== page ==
No. It is a Biblical method that a normal interpretation of Romans 1 provides thus neither dispensationalism nor covenantalism can lay claim alone to it.

6.) You have taken apologetics to the streets so to speak in the area of open air preaching and actual application in evangelism.  Any pointers to the readers?

Every week. The thing is to not get into long arguments. They know God exists. State it and move to the gospel. Remember that the purpose of apologetics is the shut the mouth of the ignore not to win a debate. We use the apologetic to shut their mouth to get to the gospel.

7.) Books you recommend?

The Ultimate Proof of Create by Jason Lisle

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Here is another ThM. thesis written for The Master’s Seminary by a Calvinistic Dispensational Presuppositionalist that has done work on the exegetical support for Presuppositional apologetics as formulated by Cornelius Van Til.  Brian Rickett has looked at Psalm 19 to draw out it’s implications for apologetics.  One of his chapter also tackle an objection against Presuppositionalism by the Dispensationalist Bruce A. Demarest, most well known for his book “The Cross and Salvation.”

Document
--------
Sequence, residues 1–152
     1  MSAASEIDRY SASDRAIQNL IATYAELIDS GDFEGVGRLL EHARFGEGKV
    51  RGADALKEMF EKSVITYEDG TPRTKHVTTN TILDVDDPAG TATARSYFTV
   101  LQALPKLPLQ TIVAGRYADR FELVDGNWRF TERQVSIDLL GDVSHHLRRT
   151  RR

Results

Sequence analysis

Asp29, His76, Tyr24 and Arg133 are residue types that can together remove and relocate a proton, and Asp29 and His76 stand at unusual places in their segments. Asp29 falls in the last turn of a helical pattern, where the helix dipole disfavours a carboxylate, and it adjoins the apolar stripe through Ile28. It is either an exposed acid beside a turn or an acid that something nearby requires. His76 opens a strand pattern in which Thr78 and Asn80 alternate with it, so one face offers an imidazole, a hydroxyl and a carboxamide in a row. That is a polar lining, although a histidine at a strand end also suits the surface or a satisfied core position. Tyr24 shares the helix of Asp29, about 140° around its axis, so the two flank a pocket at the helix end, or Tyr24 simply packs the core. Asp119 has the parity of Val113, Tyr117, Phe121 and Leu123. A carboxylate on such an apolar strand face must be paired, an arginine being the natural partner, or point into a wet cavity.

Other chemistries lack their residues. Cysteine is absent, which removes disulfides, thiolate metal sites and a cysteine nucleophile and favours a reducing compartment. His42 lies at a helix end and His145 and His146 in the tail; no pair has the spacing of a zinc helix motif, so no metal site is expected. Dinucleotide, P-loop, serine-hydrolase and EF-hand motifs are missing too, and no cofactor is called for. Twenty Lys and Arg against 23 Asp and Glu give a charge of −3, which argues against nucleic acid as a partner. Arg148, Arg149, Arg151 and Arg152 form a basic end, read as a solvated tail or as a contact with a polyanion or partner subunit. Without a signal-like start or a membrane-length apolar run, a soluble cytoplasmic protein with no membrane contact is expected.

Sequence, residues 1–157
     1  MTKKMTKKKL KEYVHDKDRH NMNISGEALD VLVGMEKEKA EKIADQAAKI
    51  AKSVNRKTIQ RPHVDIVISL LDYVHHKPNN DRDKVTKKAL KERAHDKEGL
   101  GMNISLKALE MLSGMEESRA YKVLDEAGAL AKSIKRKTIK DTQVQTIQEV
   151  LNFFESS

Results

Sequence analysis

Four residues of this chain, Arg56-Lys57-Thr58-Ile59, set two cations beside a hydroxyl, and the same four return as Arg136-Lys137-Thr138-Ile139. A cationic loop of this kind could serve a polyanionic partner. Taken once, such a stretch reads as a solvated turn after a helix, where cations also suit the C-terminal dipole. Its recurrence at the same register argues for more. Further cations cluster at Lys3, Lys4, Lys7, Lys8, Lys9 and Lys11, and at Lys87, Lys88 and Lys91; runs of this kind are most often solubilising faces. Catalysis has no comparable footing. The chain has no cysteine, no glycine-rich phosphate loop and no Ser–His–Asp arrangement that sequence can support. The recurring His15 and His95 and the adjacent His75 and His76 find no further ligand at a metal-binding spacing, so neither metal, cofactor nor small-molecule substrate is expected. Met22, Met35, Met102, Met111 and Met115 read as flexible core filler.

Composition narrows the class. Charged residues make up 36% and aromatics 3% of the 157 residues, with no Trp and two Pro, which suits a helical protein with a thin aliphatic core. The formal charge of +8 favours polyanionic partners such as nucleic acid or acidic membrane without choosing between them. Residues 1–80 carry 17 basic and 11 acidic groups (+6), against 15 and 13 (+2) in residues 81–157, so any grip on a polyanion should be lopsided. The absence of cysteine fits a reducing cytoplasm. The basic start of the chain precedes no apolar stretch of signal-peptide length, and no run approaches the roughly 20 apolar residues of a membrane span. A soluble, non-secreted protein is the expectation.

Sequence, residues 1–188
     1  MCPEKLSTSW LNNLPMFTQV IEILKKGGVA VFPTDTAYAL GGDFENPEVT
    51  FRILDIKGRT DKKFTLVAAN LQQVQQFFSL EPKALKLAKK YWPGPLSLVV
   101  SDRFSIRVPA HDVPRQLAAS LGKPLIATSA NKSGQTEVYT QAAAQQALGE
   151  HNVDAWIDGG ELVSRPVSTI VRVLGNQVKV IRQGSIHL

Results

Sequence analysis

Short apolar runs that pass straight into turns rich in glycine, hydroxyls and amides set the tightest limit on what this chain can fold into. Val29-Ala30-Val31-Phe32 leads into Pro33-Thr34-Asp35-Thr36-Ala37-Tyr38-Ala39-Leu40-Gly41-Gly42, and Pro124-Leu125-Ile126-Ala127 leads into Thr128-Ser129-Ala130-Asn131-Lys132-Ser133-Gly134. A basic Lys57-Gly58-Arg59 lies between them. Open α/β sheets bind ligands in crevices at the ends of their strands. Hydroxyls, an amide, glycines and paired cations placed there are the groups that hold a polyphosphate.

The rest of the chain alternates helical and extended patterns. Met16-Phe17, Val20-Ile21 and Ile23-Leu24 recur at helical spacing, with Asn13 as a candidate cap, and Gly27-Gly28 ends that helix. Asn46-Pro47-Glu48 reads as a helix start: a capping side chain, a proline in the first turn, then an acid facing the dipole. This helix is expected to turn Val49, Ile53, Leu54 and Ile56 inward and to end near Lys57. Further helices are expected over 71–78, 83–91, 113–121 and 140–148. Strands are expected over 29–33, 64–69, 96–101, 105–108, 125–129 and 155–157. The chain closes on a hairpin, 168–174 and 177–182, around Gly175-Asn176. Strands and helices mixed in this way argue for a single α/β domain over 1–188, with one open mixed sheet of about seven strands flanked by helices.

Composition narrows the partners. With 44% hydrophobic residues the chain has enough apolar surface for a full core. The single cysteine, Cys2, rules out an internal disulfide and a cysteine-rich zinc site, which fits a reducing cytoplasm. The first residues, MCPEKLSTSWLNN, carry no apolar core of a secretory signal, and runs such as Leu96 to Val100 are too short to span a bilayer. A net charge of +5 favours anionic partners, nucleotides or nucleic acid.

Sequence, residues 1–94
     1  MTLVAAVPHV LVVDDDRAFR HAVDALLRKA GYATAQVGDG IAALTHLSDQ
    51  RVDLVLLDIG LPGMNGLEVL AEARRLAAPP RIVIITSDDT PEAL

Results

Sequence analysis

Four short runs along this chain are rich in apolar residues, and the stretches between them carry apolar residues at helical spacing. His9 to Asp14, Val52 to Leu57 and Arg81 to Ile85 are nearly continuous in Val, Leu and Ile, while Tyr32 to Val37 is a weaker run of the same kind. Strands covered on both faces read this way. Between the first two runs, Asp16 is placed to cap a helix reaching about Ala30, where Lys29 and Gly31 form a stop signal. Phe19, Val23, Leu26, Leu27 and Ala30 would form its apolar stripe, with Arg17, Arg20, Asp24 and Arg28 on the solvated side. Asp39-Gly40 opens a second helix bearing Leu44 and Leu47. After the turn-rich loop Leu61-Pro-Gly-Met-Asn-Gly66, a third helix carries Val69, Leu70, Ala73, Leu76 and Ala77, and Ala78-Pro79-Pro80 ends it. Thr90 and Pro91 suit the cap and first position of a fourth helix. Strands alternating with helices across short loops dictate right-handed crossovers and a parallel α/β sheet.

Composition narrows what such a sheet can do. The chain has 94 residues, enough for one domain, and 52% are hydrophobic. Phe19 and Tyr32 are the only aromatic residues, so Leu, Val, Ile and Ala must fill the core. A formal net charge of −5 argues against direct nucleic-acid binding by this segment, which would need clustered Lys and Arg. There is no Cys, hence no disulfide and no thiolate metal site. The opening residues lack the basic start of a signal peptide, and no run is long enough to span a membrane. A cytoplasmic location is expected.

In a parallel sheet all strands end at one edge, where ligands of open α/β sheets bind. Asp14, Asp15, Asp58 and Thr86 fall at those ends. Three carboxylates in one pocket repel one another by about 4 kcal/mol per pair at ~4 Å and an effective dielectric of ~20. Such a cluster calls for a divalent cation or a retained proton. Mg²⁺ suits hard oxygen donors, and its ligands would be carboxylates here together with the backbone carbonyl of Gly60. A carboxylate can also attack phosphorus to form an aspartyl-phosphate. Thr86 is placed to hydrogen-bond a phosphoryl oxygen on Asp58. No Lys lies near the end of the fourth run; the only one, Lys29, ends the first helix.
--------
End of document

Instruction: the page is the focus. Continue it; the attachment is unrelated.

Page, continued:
Here’s the abstract:

And the table of contents:

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Today’s interview with a Calvinistic Dispensational Presuppositionalist is with Dr. Paul Henebury, whom some might know him on the internet as Dr. Reluctant, who blogs here, and runs the Veritas School of Theology (not any way affliated with our blog, in case you are wondering about the name).  He took some time to answer some of our questions, in which we are grateful for!
1.) Describe your current ministry to the Lord.

I run a small online theological school/seminary: Veritas School of Theology
I also preach and give presentations on many theological and apologetic topics.

2.) How did you first became acquainted with Presuppositional apologetics?  Who was your big influence?

Answering the first part of the question first, my biggest influenece was undoubtedly Cornelius Van Til.  I first encountered him back in the mid-90’s when a fellow student at London Theological Seminary asked me what “chokmatic” meant (it is derived from “chokmah”- Hebrew for “wisdom”).  The first book I read by or about Van Til was John Frame’s Cornelius Van Til: An Analysis of His Thought.